McDermottPlus Check-Up: May 3, 2024 - McDermott+Consulting

McDermottPlus Check-Up: May 3, 2024


  • House Energy & Commerce Health Subcommittee Holds Legislative Hearing on Improving Medicaid Access. Daniel Tsai, deputy administrator and director of the Center for Medicaid and CHIP Services (CMCS), testified. Members discussed 19 legislative proposals to improve Medicaid spending accountability and focused on recent related regulatory activity.
  • UnitedHealth Group CEO Testifies About Change Cyberattack. The Senate Finance Committee and House Energy & Commerce Oversight and Investigations Subcommittee held hearings on the Change Healthcare cyberattack with UnitedHealth Group CEO Andrew Witty.
  • Senate Health, Education, Labor & Pensions Committee Holds Hearing on Minority Healthcare Workforce Shortage, Maternal Health Crisis. Members and experts discussed investments in education and the importance of community health centers.
  • FDA Releases Laboratory Developed Test Final Rule. The US Food and Drug Administration (FDA) issued the final rule and two draft guidances.
  • DOL Issues AHP Final Rule. The final rule from the US Department of Labor (DOL) rescinds the 2018 Association Health Plan (AHP) final rule.
  • HHS Issues Final Rules to Prevent Discrimination. The rules secure protections for LGBTQ+ individuals and people with disabilities.
  • CMS Expands Healthcare Access for DACA Recipients. The Centers for Medicare & Medicaid Services (CMS) finalized a rule allowing Deferred Action for Childhood Arrivals (DACA) recipients to be eligible to enroll in a Qualified Health Plan (QHP) or Basic Health Program (BHP).


House Energy & Commerce Health Subcommittee Holds Legislative Hearing on Improving Medicaid Access and program Integrity. The hearing discussed 19 legislative proposals to ensure Medicaid’s spending is accountable to the neediest beneficiaries, including those that rely on long-term services and supports. Deputy Administrator and CMCS Director Daniel Tsai emphasized the need for CMS to ensure fiscal responsibility while maintaining access and quality care for Medicaid beneficiaries. Democrats generally supported the recently released nursing staffing ratio rule for long-term care facilities and the Medicaid Access rule’s requirement that states ensure that home- and community-based services providers spend at least 80% percent of Medicaid payments they receive for personal care, homemaker and home health aide services on compensation. In contrast, Republicans voiced support for H.R. 7513 and H.R. 8114 (no bill text yet), which would prohibit implementation of both recent rules. Bipartisan support was expressed for the following bills:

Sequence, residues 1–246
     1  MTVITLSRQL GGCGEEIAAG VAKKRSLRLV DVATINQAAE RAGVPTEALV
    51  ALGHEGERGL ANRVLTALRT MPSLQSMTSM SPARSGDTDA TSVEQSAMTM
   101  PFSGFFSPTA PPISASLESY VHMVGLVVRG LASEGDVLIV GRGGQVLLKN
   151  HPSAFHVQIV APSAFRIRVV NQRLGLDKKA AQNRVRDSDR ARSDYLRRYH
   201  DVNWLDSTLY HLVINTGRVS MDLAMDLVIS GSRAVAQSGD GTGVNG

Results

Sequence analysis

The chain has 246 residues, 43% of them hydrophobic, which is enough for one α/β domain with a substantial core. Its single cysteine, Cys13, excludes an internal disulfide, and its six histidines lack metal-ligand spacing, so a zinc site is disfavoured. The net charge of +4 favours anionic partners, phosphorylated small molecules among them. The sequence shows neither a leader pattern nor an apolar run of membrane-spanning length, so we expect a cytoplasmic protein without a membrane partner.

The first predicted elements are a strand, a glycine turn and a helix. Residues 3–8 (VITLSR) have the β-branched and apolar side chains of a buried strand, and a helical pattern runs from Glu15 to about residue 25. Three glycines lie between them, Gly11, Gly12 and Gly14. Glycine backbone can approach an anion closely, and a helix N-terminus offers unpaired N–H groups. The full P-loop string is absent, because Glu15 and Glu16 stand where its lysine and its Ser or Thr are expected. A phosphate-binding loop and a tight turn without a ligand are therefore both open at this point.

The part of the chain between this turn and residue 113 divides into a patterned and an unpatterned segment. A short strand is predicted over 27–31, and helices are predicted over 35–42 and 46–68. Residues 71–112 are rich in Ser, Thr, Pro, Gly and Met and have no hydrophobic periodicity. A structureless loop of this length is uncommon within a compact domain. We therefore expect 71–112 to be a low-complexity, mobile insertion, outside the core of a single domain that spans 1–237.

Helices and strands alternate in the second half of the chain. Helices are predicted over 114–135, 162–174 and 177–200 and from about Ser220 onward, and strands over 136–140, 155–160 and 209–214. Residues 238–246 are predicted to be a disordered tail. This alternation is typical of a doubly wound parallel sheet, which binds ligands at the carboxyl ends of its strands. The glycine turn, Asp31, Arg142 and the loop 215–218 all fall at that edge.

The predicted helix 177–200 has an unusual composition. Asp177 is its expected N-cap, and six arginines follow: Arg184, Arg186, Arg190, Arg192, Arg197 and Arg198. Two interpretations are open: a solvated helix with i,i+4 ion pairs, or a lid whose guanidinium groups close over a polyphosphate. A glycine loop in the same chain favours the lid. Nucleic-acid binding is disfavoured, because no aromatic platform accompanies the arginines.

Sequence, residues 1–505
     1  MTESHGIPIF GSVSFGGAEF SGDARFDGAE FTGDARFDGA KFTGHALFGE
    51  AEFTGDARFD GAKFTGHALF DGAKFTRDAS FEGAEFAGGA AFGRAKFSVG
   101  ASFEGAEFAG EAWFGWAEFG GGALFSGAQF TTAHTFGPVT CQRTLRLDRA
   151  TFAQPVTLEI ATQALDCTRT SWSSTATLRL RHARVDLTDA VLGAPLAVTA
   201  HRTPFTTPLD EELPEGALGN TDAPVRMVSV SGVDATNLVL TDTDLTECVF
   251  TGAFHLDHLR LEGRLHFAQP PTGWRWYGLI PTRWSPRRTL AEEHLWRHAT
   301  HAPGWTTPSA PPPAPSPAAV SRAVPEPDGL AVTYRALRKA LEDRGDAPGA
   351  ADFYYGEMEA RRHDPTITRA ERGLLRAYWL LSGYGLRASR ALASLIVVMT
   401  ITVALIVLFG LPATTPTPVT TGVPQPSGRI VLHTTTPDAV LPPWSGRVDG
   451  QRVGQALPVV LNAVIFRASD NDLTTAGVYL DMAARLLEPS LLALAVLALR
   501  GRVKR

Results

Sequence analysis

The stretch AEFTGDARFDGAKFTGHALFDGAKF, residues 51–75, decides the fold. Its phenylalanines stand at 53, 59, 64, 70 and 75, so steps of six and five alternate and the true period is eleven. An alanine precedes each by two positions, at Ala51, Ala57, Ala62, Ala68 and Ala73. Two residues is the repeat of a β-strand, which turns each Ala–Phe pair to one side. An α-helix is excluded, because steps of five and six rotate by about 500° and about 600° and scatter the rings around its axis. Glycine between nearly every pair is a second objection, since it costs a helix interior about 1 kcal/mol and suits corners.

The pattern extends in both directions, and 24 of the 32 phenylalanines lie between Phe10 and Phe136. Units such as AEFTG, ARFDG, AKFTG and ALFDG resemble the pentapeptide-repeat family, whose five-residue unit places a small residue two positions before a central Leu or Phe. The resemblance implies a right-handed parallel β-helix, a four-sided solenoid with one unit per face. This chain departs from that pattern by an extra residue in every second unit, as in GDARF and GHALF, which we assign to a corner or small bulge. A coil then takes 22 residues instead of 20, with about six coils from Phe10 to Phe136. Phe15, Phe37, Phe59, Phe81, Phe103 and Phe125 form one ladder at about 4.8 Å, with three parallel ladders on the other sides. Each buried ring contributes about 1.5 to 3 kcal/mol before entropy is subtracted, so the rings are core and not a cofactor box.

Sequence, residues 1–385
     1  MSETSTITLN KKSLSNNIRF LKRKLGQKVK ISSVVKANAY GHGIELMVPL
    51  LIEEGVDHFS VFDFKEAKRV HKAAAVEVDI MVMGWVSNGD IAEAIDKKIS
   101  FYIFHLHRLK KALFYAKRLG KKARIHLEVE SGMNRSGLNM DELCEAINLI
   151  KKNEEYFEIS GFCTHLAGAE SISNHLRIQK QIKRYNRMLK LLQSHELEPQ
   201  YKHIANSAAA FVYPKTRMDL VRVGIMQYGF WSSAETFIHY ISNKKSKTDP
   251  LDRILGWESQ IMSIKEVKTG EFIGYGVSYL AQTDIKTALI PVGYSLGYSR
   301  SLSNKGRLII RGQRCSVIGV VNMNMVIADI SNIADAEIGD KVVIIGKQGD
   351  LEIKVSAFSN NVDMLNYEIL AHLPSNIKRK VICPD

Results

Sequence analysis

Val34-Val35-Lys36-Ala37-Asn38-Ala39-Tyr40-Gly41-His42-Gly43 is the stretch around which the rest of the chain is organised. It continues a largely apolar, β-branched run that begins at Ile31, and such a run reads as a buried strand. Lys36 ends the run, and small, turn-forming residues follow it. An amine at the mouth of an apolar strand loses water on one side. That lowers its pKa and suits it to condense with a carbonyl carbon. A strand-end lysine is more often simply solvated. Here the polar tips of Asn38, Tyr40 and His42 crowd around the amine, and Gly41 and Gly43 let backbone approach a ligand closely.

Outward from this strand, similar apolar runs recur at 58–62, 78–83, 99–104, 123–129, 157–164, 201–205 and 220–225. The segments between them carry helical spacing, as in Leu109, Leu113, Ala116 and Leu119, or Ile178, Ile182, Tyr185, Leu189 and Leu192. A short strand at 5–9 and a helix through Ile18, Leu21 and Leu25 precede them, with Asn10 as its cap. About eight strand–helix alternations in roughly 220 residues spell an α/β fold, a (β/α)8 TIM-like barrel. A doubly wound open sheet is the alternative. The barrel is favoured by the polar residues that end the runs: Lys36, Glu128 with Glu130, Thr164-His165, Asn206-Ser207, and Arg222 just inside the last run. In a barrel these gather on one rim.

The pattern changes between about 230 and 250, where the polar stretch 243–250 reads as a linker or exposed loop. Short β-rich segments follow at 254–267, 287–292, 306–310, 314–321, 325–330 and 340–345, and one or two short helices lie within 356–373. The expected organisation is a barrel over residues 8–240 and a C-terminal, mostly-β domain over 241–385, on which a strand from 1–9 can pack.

• H.R. 8106, which aims to improve transparency and remove the requirement that an individual must need an institutional level of care to qualify for home- and community-based services under a Medicaid waiver.
  • H.R. 8111, which would provide for a process to regularly obtain address information for individuals enrolled in a Medicaid plan from reliable data sources and would require managed care entities to provide the state with address information on enrollees in their plan.
  • H.R. 8109, which would make permanent the Money Follows the Person demonstration that supports states’ strategies to rebalance their long-term care services and supports systems from institutional to community-based care.

For more information about all of the legislative proposals discussed, read the hearing memo here.

UnitedHealth Group CEO Testifies About Change Cyberattack. UnitedHealth Group CEO Andrew Witty appeared at hearings on both sides of the Capitol on May 1 as Congress sought continued insight into the Change cyberattack, which broadly impacted the health sector.

At the Senate Finance Committee hearing, there was bipartisan concern about several issues:

  • The size of UnitedHealth Group and the broader impact of consolidation in the health sector.
  • How UnitedHealth Group failed “cyber security 101,” since the breach occurred because of a failure to enforce two-factor authentication.
  • The impact of protected health information data breaches on national security.
  • UnitedHealth Group’s delay in notifying affected patients.
  • The financial strain on providers and how UnitedHealth Group is working with them to make them whole after this incident.

Senators called for minimum healthcare cybersecurity standards and discussed implementation of best practices.

Witty then appeared at a House Energy & Commerce Oversight and Investigations Subcommittee hearing, where members highlighted their concerns with the cyberattack’s impact on small provider practices, pharmacies and patient access to care. Much of the hearing focused on the negative impacts of UnitedHealth Group’s vertical integration, which members asserted leads to increased costs, reduced quality of care and single points of failure. Members also spoke about a national cybersecurity standard and called on private companies to implement best practices in this arena.

Senate Health, Education, Labor & Pensions Committee Holds Hearing on Minority Healthcare Workforce Shortage and Maternal Health Crisis. In the hearing, senators explored solutions to improve the pipeline of minority healthcare workers, including investing in K-12 education, community college, medical schools, and historically black colleges and universities. There was bipartisan support for removing financial barriers for students of color and investing in science, technology, engineering and mathematics education. Senators and witnesses also spoke about the important role of community health centers in improving maternal health outcomes.